Faith

The Comforts of Religion: Gustave Flaubert’s “Madame Bovary”

By |2019-11-30T03:15:16-06:00November 30th, 2019|Categories: Books, Christianity, Europe, Faith, Fiction, Imagination, Literature, Religion|

The nineteenth century was a difficult and dynamic period for the French nation, as citizens of all classes and philosophical persuasions struggled to come to terms with modernity. These struggles are reflected in Gustave Flaubert’s first novel, Madame Bovary, published as a complete text in 1857. The story is well-known: Emma Bovary finds herself [...]

Return of the Strong Gods

By |2019-11-09T22:04:01-06:00November 9th, 2019|Categories: Books, Culture, Dwight Longenecker, Faith, Family, Senior Contributors, Western Civilization, Worldview|

R.R. Reno in “Return of the Strong Gods” argues that we need a return to the pillars that represent classic human values: the home, the country, and the religion. He calls for true patriotism rather than nationalism, marriage and family instead of a sexual free-for-all, and historic Christianity instead of do-it-yourself “spirituality.” Return of [...]

“Reason, Faith, & the Struggle for Western Civilization”: Illuminating the Past & Present

By |2019-08-07T22:05:08-06:00August 7th, 2019|Categories: Christianity, Faith, History, Philosophy, Pope Benedict XVI, Reason, Western Civilization, Western Tradition|

It is a bright note of hope, set against the present daunting darkness, that shines throughout Samuel Gregg’s “Reason, Faith, and the Struggle for Western Civilization,” both illuminating the past and shedding much-needed light on the present situation. Reason, Faith, and the Struggle for Western Civilization, by Samuel Gregg (256 pages, Gateway Editions, 2019) [...]

Who Was Philip Ludwell III?

By |2019-06-13T21:55:21-06:00June 13th, 2019|Categories: American Founding, Christianity, Faith|

Philip Ludwell III is the first known convert to Eastern Orthodox Christianity in the Americas. He was a prominent figure in pre-revolutionary Virginia and a relative by blood or marriage of many great early figures in American history, from George Washington to Richard Henry Lee of the great Lee family of Virginia. The scion [...]

Faith, Family, and the Future of Europe

By |2019-05-12T00:09:57-06:00May 11th, 2019|Categories: Europe, Faith, Family, Joseph Pearce, Senior Contributors, Western Civilization|

Europe has a suicidal tendency to ignore the problem underlying its decay: a lack of faith and families. But perhaps, in light of recent legislation in Poland and Hungary rooted in faith and family and the future, perhaps we may be seeing the sun rising in Europe’s East, even as we see it setting [...]

Uncle Sam’s Good Servant But God’s First

By |2019-01-13T22:05:07-06:00January 13th, 2019|Categories: Christendom, Christianity, Civil Society, Faith, Joseph Pearce, Nationalism, Patriotism, Secularism, Senior Contributors|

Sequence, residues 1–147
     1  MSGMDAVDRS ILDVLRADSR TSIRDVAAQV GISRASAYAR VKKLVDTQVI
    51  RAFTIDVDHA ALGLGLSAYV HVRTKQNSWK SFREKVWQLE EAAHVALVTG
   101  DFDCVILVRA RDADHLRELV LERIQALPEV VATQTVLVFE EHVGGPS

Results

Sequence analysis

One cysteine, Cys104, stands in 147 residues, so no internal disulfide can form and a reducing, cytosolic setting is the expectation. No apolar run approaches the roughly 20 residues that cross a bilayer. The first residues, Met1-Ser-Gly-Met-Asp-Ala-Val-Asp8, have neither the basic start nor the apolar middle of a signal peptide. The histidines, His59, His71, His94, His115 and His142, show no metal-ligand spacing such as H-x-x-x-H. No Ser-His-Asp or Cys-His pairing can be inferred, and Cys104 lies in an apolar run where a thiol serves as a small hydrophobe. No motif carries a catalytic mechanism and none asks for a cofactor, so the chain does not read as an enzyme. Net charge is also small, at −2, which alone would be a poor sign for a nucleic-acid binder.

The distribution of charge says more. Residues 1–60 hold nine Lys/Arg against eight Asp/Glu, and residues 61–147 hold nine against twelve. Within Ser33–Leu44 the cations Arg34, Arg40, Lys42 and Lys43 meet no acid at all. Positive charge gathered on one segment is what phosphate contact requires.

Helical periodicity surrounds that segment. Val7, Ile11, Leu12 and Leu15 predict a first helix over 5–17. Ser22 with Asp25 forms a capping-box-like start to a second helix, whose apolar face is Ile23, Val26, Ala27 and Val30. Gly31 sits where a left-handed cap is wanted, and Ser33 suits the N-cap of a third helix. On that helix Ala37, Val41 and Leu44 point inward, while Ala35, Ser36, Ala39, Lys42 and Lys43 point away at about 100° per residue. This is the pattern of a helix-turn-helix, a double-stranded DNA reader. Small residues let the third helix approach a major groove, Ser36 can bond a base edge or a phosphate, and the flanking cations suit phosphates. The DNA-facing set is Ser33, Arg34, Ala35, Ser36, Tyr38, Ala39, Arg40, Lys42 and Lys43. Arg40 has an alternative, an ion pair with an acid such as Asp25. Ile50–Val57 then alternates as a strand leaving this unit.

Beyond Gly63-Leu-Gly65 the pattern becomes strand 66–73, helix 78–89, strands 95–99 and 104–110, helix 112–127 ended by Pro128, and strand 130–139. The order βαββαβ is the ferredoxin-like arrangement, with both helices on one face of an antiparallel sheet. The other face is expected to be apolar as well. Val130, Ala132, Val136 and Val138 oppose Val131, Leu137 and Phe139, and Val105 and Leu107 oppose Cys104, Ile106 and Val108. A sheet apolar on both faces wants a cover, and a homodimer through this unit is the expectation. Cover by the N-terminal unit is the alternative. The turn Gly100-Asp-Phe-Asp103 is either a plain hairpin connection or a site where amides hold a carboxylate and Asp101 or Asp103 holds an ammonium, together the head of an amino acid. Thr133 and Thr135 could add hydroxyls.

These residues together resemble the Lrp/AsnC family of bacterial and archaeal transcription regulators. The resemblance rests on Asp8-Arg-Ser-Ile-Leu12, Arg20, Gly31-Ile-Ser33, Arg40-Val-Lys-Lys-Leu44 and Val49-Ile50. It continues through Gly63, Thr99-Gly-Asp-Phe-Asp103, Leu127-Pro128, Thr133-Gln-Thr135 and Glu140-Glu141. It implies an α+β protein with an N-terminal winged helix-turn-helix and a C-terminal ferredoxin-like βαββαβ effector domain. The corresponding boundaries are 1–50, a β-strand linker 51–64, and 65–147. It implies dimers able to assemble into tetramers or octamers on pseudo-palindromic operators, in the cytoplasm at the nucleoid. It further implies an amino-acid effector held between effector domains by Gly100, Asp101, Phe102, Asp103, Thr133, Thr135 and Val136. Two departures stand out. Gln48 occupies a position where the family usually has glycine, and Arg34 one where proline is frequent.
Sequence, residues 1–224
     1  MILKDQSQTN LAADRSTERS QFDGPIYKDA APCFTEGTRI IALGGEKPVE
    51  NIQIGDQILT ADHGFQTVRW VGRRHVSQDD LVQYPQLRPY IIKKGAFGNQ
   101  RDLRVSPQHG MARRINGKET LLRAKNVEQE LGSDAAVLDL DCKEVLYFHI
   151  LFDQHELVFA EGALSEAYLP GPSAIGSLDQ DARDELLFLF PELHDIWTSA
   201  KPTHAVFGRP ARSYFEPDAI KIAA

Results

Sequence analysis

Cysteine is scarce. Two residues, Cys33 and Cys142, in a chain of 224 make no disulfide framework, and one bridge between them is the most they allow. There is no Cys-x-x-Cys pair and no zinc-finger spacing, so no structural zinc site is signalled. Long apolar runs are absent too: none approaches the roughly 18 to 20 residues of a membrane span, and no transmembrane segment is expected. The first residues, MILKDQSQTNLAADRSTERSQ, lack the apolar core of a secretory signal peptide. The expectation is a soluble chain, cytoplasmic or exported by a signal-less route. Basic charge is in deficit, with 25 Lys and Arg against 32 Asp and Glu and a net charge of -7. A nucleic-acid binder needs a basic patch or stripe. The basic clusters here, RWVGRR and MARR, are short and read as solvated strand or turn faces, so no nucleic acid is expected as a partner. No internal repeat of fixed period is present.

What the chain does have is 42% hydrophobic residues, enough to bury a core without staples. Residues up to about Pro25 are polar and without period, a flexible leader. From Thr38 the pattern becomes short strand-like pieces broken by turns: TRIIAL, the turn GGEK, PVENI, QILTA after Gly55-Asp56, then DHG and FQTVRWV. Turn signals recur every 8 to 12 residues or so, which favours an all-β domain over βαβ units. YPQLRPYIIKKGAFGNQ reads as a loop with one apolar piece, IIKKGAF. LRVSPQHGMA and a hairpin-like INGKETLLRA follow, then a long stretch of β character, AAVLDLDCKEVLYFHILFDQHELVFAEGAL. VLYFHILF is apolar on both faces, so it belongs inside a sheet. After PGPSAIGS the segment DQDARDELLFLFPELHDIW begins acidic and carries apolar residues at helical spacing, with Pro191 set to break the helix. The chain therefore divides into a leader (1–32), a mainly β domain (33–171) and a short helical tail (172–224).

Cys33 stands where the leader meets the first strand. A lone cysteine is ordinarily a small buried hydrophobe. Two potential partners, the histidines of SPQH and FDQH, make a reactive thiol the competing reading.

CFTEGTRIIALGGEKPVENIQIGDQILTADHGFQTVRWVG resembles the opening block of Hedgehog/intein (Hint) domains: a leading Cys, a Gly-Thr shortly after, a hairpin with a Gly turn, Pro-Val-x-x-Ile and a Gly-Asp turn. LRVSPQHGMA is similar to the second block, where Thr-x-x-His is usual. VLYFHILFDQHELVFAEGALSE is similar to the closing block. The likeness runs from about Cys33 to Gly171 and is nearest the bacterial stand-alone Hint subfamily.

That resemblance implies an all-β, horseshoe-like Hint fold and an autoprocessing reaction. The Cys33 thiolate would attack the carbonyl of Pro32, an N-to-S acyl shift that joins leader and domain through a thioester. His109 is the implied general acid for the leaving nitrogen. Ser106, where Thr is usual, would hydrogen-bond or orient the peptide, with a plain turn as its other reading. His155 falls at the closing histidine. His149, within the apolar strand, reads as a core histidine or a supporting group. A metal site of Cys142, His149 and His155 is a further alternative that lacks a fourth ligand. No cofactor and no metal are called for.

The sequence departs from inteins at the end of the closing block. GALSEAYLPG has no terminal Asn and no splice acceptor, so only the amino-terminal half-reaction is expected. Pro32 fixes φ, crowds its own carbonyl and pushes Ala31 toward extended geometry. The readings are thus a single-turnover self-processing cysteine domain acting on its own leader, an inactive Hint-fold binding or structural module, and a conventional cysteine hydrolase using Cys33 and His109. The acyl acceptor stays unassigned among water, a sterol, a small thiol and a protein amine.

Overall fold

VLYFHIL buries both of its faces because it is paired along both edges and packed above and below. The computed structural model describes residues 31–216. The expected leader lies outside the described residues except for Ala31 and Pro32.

In order to truly serve their nation, true Americans must fearlessly criticize her for her waywardness. More importantly, we must evangelize her, bringing her to the fullness of faith in the God under Whom she owes her existence. Only when America kneels before her true God will she become truly civilized… One of the [...]

Christianity’s Home in Homelessness

By |2019-02-18T02:39:13-06:00December 23rd, 2018|Categories: Christian Humanism, Christianity, Culture, Faith, Featured, G.K. Chesterton|

Today’s offering in our Timeless Essay series affords our readers the opportunity to join Casey Spinks, as he examines the Christian notion of home. —W. Winston Elliott III, Publisher The history of Western philosophy may be but a footnote on Plato, but the history of the whole of Western philosophy, theology, politics, science, art, and [...]

America’s Ship of Fools

By |2018-12-15T22:18:22-06:00December 15th, 2018|Categories: American Republic, Civil Society, Civilization, Faith, Government, Politics, Religion, Western Civilization|

Although somewhat overshadowed by the allegory of the Cave, the myth of the ring of Gyges, and other powerful images found in Plato’s Republic, the account of the ship of fools is still memorable and compelling. While Socrates—the Athenian philosopher and mentor of Plato—is discussing with his young friends the nature of justice and the [...]

Two Kinds of Jesuits

By |2018-11-03T23:58:27-06:00November 3rd, 2018|Categories: Christianity, Culture War, Dwight Longenecker, Ethics, Faith, Religion, Senior Contributors|

Whereas heroic missionary effort and martyrdom seemed the hallmark of the first Jesuits, the second generation moved in a different direction... In the Roman calendar, October is a harvest for militant saints. Kicking off with Saint Therese of Lisieux who proclaimed, “Sanctity! It must be won at the point of a sword!”, the calendar marches [...]

Modeling Manhood: From Homer to Paul

By |2019-06-17T16:50:44-06:00October 6th, 2018|Categories: Christian Living, Christianity, Faith, Family, Homer, Odyssey|

In Homer’s epic poem, The Odyssey, a Greek war hero faces imposing challenges in his long journey home. After decimating the armies of Troy, King Odysseus sets out for Ithaca only to find himself wrestling against more formidable foes. For ten years the whims of gods and the winds of fate hinder his journey, while a [...]